Starship manages to make its first flight, but was “lost” shortly before landing

SpaceX He succeeded on the third try. Starshipthe largest rocket ever built, has achieved take off and almost successfully complete its first flight. About an hour into the flight, which was supposed to last 64 minutes, SpaceX lost contact with the rocket. In the two previous attempts, the SpaceX rocket had exploded just minutes after takeoff.

The third test flight has begun at 14:22, Spanish peninsular time. Super Heavy, the booster, separated 3 minutes after takeoff, as planned, and landed in the Gulf of Mexico. Although Starship It is designed so that its two stages are reusable, it was not planned to recover any of the two stages of the rocket on this mission.

The launch date has not been assured until late yesterday, once the United States Federal Aviation Administration He gave his approval to takeoff. This was initially scheduled for 1:00 p.m., but was delayed 1 hour and 22 minutes due to the presence of some ships in the Gulf of Mexico where Super Heavy will crash.

Between the goals This mission included testing the opening and closing of the rocket's cargo door, a demonstration of propellant transfer during the shore phase of the upper stage, the first firing of a Raptor engine in space, and a controlled reentry of Starship. It was also the first time that Starship's heat shield has been tested in an atmospheric re-entry.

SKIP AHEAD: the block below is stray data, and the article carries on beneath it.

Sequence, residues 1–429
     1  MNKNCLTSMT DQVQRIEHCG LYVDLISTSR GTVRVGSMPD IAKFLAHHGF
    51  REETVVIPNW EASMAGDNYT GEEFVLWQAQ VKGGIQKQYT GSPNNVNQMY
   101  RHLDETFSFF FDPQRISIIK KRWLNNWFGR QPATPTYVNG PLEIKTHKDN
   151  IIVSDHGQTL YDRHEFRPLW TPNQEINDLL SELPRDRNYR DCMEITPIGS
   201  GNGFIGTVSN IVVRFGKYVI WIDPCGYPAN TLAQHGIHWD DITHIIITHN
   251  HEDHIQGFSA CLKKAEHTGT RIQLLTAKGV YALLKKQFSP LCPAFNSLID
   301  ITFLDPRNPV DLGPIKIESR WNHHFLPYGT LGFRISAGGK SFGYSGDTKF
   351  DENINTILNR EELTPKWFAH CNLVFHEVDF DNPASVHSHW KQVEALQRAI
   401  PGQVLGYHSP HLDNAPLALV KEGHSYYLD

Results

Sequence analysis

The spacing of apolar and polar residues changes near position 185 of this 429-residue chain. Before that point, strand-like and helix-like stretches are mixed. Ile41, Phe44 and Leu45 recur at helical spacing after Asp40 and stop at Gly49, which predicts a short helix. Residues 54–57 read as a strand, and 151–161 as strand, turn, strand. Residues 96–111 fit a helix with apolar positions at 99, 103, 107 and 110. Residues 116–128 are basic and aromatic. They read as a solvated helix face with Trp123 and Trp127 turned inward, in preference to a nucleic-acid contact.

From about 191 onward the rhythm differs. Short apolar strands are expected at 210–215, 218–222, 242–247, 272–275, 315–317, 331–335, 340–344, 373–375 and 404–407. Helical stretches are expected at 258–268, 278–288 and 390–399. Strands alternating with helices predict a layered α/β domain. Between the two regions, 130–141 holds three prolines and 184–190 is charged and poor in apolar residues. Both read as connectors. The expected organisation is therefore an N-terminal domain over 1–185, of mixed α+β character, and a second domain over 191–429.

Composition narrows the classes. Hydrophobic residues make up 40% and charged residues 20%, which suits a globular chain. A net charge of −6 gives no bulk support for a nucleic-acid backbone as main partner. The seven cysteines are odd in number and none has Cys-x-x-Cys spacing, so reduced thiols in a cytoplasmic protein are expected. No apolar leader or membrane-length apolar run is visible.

As SpaceX has reported in its X account, the mission has been fulfilling its objectives except for restarting the engine during the flight, which was never attempted. A few minutes before the scheduled end of the flight, the broadcast from the Starship cameras was lost. Shortly after, Dan Huot, spokesperson for SpaceX, pointed out in the broadcast of the test flight carried out by the company that “The team has reported that the ship has been lost, so there will be no splashdown today”. SpaceX has not yet provided more details of what happened.

Starship is a key piece in the plans of the POT for the program Artemis that plans to take astronauts back to the Moon in 2026 and later to Mars. It is a two-stage rocket that, when docked Starship on Super Heavy, reaches a height of 121 metershas 9 in diameter and capacity to carry a payload of up to 150 tons.

The two previous attempts, in April and November 2023, lasted 4 and 8 minutes respectively, before the rocket exploded. In the first case, after failing the separation maneuver and beginning to spin uncontrollably, SpaceX activated the self-destruct mechanism. Separation was achieved on the second attempt, but several of the booster's 33 Raptor engines failed while a fire on Starship activated the flight termination system, causing the spacecraft to explode.